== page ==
Ten common S/S of a Wilderness First Responder course

Me getting a traction splint

1. Automobile manufacturers are represented accordingly: Toyota, Subaru, Nissan and Volkswagen. You may come across the occasional government-issue Ford.
(Most vehicles will also boast some destination’s adhesive iteration of the really-not-all-that-clever “Everyone in this town is high” promotion. Wink wink. Nudge.)
2. Every person is wearing at least one article of clothing that has been patched.
3. No one complains about the price of an Arc’teryx shell.
4. No less than 75 percent of the men wear thick, unkempt facial hair. The remaining 25 percent, can’t.
5. Desk job?
6. There’s enough down insulation in the room to migrate from Canada.
7. One vegan for every three vegetarians.
8. Everyone knows the layman’s term for “avulsion.”
9. At least one person will always be adorned with fake blood; and it’s not always evident.
10. Discourse is most often initiated with, “I had a client who …”

Troublesome black bear with penchant for home improvement put down in Tahoe

I understand, but hate hearing about, the need for us to put down troublesome wildlife in national parks. It’s an unfortunate byproduct of decades of not knowing how to manage large predators (but implementing policy anyway) combined with vexing federal bureaucracy and a pinch of man’s intrinsic arrogance of existence.

We have inserted ourselves into the natural balance. Back out now, and only more hell will break loose.

In the Lake Tahoe area this week, up around Incline Village, a bear had to be killed after it ripped off some siding from a resident’s home. It also got into the trash. There was no comment about how this bear managed to outwit the critter-proof canister I’m certain the homeowner has in place. (Ahem.)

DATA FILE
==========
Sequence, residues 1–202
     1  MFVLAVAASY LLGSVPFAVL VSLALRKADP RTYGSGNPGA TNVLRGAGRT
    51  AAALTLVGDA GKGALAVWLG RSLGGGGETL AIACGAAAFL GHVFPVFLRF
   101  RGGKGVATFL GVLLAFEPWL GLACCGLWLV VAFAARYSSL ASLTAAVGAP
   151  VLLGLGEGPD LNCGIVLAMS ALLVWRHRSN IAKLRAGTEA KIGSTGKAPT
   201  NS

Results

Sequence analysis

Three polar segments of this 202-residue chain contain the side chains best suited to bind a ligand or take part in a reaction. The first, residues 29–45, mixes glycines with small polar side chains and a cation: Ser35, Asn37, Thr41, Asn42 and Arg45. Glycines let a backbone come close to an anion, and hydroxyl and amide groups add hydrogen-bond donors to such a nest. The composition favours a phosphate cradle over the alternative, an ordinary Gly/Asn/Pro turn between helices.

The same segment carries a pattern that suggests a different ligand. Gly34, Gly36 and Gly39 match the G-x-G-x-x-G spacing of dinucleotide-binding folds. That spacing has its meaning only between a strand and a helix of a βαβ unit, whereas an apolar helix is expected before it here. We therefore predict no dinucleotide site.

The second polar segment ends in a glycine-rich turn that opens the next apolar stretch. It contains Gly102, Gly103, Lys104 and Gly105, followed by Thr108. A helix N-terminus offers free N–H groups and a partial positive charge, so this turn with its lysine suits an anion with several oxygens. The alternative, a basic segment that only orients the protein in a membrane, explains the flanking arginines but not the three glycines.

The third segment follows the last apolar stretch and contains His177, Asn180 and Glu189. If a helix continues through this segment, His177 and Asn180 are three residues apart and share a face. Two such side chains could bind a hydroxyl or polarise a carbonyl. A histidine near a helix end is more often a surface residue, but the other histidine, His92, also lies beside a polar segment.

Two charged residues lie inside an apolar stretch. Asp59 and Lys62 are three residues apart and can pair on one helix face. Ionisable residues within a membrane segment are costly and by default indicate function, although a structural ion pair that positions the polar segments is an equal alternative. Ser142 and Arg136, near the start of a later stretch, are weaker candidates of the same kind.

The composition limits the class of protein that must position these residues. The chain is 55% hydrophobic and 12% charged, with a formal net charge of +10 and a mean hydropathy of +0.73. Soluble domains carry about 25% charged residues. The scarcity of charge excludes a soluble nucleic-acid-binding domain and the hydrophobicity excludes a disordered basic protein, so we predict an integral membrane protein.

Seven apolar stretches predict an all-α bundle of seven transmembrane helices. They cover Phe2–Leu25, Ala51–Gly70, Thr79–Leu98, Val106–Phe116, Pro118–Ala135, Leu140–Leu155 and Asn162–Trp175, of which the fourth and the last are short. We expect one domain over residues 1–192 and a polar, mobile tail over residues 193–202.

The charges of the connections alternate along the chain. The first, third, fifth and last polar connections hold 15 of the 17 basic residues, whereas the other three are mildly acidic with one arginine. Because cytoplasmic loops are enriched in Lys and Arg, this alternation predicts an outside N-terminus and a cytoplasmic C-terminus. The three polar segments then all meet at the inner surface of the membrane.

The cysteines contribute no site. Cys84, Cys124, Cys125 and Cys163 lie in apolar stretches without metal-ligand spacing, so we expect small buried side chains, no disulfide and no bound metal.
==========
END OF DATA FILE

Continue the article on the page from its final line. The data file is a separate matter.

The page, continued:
As is the case with just about every one of these bear euthanization tales, I can’t help but laugh when the folks in charge summarize the situation thusly: “It lost its fear of humans.”

Gasp. We can’t have that, can we?

I guess some folks in the Tahoe area only like their bears when they’re made of wood and nailed to their garage roofs as playful totems to remind tourists of just how wild and wonderful the Sierra Nevada can be.

Sarcasm aside, many in the Tahoe area are very bear aware and campaign regularly (albeit Ed Abbey style) for a more peaceful coexistence.

 

 

Spiders. Everywhere.

Spider webs frost a field in Wagga Wagga, Australia
I pretty much have no interest in spiders. I appreciate what they do for the natural world and like any wild creature, I admire all the creepy but wonderful traits that make them such a fascinating part of our planet.

But I would just assume have a rapid wolverine placed in my shorts than be dropped in the countryside of Wagga Wagga, Australia right now.

Just … ewww.

Photo from National Geographic.com. Click it for more.